The state of Western Australia has confirmed that it intends renaming the well-known King Leopold Ranges as it joins the global movement to rename places that are considered offensive.
The mountains, which lie around 2 300km from Perth in the Kimberley region, were named in1879 by explorer and political figure Alexander Forrest. He called several ranges in WA after European monarchs of the time.
Leopold is regarded as having a particularly distasteful history and is estimated to have caused the deaths of up to 10-million people in the Congo Free State in Central Africa between 1885 and 1908.
New name will be Wunaamin-Miliwundi Range
Ben Wyatt, Aboriginal Affairs Minister for Western Australia, confirmed on Friday that the name will be changed to the Wunaamin-Miliwundi Range.
“It is a combination of the Ngarinyin and Bunuba traditional names for those ranges,” he explained. “It’s a combined name, recognising those ranges cover a couple of traditional country areas.”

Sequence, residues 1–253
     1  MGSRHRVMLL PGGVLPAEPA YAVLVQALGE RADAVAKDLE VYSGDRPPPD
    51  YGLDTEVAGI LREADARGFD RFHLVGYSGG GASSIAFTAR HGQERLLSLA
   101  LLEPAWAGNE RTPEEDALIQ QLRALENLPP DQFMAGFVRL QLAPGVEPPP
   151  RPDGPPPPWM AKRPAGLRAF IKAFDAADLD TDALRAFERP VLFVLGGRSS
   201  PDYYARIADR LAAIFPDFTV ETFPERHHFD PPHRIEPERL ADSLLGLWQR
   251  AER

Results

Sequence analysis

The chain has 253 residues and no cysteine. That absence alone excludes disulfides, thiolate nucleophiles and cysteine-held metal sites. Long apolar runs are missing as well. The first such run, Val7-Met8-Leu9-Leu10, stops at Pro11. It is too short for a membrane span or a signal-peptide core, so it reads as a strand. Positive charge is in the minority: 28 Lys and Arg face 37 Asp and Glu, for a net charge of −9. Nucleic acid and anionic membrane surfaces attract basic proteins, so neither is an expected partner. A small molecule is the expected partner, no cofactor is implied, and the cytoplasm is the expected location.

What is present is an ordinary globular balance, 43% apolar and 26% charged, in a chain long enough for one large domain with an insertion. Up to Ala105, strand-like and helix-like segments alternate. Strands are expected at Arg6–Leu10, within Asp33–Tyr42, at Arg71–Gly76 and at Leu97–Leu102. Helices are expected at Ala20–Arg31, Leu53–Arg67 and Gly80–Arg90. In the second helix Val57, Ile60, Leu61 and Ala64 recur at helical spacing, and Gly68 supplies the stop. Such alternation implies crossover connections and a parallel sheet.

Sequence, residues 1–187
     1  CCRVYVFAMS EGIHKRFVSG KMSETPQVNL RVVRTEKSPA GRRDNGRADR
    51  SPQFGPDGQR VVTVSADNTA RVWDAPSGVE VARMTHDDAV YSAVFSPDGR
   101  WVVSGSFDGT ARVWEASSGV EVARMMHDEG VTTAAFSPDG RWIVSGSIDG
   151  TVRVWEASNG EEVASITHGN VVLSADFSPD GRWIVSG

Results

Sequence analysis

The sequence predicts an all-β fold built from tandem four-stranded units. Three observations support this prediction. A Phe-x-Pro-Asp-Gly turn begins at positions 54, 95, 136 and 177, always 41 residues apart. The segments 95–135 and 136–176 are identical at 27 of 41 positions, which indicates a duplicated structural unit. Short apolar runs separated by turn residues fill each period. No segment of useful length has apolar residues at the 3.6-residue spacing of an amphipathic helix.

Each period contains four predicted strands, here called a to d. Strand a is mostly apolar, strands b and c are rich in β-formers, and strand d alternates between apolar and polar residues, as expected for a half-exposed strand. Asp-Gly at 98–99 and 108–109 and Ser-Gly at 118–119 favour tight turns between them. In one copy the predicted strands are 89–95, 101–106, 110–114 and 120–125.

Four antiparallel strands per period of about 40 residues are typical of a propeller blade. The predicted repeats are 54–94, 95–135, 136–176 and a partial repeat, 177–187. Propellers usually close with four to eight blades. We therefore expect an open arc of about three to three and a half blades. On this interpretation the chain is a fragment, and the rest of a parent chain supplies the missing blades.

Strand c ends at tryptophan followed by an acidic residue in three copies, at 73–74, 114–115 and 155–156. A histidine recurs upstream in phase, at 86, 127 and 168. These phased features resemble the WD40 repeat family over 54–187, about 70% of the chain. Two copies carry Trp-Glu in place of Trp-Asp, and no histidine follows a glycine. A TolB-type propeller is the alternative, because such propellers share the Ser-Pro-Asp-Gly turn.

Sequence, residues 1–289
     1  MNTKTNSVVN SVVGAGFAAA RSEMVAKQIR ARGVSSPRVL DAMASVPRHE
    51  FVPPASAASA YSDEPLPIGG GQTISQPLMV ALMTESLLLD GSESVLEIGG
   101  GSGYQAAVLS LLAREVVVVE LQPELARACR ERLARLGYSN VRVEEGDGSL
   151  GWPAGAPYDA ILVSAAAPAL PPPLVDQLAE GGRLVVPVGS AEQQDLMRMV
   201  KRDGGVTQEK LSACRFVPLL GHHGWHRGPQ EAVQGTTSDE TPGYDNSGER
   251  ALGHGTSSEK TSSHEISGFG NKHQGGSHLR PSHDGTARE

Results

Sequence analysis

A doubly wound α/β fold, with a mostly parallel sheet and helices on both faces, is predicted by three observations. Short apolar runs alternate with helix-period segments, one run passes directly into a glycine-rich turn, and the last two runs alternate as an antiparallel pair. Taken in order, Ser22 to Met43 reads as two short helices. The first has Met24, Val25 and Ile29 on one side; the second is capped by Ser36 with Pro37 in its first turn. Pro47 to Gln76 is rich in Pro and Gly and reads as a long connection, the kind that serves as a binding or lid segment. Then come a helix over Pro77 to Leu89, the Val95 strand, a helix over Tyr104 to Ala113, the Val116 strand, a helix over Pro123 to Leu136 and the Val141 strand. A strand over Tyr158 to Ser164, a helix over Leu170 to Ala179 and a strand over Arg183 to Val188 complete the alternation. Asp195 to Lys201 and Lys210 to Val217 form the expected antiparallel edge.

He added: “It’s much more appropriate for what those ranges are, and what they represent as a key Kimberley landmark.”
Has been broad consensus that a change must be made
The name-change process was originally expected to take some time, but Wyatt said a collaborative approach and work by previous governments had seen the process move forward quickly.
“There’s been a broad consensus for a long time the name needs to be changed,” he said. “But what has really held it up is acknowledging the status and where things were with the native title process.”
Wyatt said he believed it was important for customary names to be recognised. “Giving traditional names back to the people is very important for the native title process,” he noted.
Despot Leopold II has no connection with the region
The irony of the King Leopold Ranges name is that Leopold II never visited the region or Australia and had no known ties to the country. He was chosen by Forrest because he was a European monarch of the era and because he was perceived to be interested in exploration.
He ruled the Congo Free State privately and was its absolute monarch. He was particularly cruel and bloodthirsty with the local population and eventually an international outcry forced Belgium to remove him.
He died a year later and crowds of people booed his funeral procession.